|cover illo by Janet Aulisio, for Robert
Bloch's "The Double Whammy"
|The first issue, a cover much referred to in
James Gunn's introduction and that of
the source of Asimov's story in the book...and
not included in the selected cover images...
illo by Barrye Phillips and Leo Morey
However, those high circulation figures were not sustained into the second year of publication, and with the folding in of FA, Fantastic's budget was cut and Browne went back to the usually relatively indifferent efforts he'd been making at Fantastic Adventures, accepting and publishing good work when it was offered by writers but just as happy to run that good work alongside no-more-than-readable hackwork by regular Ziff-Davis writers, much of the latter published under "house names" such as "Lawrence Chandler" and "Ivar Jorgensen"--the actual authors could be any number of contributors including Browne and Fairman themselves (many of the stable of contributors in those years haven't remembered clearly [or didn't choose to] who wrote what among the less memorable items, and the office records of the era have apparently not all been retained; among the best writers who didn't always do their best efforts for Ziff-Davis fiction magazines in their Chicago-based days were Robert Bloch and William McGivern). When Browne officially resigned in 1956 (having checked out to the degree of spending much of his office time writing his crime fiction, and deciding that the relocation of the editorial offices from Chicago to New York City were his cue to try his luck as a screenwriter in Hollywood), newly official editor Fairman went even further along into systematization of Fantastic and Amazing, depending not entirely but largely on four relatively young writers to produce wordage that would be accepted and published unread (under a variety of bylines), as long as the manuscript delivery was punctual and the stories didn't cause any problems that might interfere with Fairman's own in-office writing for other markets...and even this arrangement managed to bring in some good or promising work among the acceptably mediocre, since the quartet was comprised of Milton Lesser (who would publish most of his better work as Stephen Marlowe), Harlan Ellison, Robert Silverberg and Randall Garrett. And Fairman had as his assistant a young and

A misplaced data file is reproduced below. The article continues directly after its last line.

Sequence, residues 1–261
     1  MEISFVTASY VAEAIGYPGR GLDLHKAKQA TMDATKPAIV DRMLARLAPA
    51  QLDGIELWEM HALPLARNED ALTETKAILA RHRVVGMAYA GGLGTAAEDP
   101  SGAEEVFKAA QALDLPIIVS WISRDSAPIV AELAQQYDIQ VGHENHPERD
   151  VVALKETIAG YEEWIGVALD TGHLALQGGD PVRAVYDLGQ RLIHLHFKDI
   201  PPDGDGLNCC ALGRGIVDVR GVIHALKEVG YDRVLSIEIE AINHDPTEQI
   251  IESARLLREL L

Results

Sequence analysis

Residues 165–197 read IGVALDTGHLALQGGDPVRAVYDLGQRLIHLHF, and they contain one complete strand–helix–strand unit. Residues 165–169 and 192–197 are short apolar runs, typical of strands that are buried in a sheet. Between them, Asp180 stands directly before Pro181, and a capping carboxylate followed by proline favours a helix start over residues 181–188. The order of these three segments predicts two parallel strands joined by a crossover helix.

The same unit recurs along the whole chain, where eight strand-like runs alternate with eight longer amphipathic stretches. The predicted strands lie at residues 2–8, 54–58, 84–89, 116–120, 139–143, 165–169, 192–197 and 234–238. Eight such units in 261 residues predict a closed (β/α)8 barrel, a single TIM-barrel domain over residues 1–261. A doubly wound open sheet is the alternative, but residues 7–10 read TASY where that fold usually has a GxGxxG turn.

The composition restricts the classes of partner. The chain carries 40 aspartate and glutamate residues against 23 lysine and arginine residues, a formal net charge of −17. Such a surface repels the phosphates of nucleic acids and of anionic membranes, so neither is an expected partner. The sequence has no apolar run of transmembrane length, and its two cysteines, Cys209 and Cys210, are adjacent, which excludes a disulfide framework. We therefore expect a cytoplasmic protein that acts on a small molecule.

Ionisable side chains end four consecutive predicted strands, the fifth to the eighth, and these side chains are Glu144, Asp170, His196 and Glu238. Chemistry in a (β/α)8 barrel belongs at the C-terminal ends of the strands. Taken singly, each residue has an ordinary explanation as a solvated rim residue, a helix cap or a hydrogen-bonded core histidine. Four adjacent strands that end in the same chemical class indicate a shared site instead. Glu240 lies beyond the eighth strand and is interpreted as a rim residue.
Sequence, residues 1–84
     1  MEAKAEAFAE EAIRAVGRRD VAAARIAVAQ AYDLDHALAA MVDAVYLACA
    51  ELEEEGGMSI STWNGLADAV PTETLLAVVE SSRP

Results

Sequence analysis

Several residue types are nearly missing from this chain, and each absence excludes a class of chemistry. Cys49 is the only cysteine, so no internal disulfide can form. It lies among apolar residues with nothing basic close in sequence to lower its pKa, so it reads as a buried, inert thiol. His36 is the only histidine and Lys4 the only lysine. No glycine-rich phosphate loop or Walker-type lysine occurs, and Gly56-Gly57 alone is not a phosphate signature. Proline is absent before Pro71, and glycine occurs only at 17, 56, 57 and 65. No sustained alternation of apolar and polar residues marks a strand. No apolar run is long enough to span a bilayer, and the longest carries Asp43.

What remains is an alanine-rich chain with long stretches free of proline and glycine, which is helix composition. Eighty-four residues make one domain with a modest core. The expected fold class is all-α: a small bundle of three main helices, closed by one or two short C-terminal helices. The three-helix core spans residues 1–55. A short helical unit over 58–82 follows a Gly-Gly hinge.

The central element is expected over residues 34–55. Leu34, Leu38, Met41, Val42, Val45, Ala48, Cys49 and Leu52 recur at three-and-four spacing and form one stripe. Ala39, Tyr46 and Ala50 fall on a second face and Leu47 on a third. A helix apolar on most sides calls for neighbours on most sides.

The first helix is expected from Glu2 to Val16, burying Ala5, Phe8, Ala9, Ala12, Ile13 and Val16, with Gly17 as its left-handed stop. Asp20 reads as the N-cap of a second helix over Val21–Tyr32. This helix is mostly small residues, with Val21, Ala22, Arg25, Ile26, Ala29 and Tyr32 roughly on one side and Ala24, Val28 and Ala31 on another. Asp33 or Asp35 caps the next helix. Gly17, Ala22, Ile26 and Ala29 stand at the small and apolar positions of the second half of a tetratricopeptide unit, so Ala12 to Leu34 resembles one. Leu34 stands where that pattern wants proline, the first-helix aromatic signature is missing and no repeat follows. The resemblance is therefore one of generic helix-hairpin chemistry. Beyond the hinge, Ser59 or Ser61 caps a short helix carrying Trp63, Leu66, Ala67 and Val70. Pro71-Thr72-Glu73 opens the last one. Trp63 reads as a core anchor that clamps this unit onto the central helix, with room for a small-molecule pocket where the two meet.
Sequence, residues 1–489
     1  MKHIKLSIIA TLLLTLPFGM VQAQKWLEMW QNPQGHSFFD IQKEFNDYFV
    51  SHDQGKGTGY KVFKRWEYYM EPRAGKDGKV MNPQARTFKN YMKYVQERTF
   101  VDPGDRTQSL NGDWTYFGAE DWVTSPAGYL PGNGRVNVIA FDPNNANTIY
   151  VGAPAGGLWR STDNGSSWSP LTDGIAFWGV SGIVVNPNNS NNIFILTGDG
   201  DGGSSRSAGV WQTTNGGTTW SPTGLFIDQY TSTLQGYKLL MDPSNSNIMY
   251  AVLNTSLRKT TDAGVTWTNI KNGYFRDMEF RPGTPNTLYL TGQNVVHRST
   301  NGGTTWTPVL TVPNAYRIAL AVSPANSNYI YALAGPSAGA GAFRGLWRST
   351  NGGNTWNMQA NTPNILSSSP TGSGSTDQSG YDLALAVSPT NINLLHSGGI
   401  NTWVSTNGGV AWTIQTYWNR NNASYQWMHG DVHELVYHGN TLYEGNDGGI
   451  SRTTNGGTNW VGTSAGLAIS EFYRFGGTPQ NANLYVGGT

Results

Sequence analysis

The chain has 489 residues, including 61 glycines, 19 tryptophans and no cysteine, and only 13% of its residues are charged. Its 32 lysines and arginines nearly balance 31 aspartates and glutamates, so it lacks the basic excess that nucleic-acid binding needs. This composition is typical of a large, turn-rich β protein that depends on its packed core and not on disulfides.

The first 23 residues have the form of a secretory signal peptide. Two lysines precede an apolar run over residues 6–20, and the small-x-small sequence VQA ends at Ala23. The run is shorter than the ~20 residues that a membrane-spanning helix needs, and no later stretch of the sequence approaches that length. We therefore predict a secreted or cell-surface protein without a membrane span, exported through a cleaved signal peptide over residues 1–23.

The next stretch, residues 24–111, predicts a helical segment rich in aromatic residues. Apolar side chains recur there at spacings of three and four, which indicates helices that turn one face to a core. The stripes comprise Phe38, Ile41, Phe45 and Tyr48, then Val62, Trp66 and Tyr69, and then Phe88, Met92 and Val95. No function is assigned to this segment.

|illo by Richard Powers
|One of the better covers from the Goldsmith/
Lalli years...Jakes, who wrote many sorts of
fiction, made his biggest splash in historical
fiction in the mid-1970s. Illo by
|A typically handsome (and comics-
influenced) cover from Ted White's term
as editor and art director; illo by Douglas
The earmarks of nonchalance all over this anthology are a pity, because the selection of stories is pretty good, though not reasonably representative of the best of the magazine's career. It's also notable which of the contributors whose work is collected here have gone onto ever greater fame in the years since this 1987 book was published, much less their stories' original publication (pretty obvious examples: J. G. Ballard and particularly George R. R. Martin), those whose fame has been sustained (Le Guin and Philip K. Dick), those whose star has dimmed (almost inarguably unfairly, given their best work: Roger Zelazny, John Brunner and to a much lesser extent Isaac Asimov) and those who remain stubbornly underappreciated (Ron Goulart, David Bunch, and to too great an extent Robert Bloch...Judith Merril is perhaps as well-remembered today as a mover and shaker in the Toronto countercultural scene in the 1970s and '80s as she is for her extensive work in sf and related literatures).
Courtesy the Locus Index:
Fantastic Stories: Tales of the Weird and Wondrous ed. Martin H. Greenberg & Patrick L. Price (TSR 0-88038-521-9, May ’87, $7.95, 253pp, tp) Anthology of 16 stories from the magazine, with an introduction by James E. Gunn plus a selection of color cover reproductions.
- 7 · Introduction · James E. Gunn · in
- 11 · Double Whammy · Robert Bloch · ss Fantastic Feb ’70
- 21 · A Drink of Darkness · Robert F. Young · ss Fantastic Jul ’62